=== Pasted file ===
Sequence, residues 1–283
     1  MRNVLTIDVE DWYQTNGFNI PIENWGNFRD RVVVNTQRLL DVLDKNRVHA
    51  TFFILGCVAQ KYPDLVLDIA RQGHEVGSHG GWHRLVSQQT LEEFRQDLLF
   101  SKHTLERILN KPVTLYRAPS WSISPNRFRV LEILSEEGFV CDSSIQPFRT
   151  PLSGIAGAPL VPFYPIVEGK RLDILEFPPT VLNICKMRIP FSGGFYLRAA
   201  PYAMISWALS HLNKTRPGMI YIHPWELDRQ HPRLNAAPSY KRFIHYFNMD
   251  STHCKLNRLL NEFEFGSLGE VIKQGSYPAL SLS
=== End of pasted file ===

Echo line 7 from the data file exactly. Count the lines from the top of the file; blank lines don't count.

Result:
   251  STHCKLNRLL NEFEFGSLGE VIKQGSYPAL SLS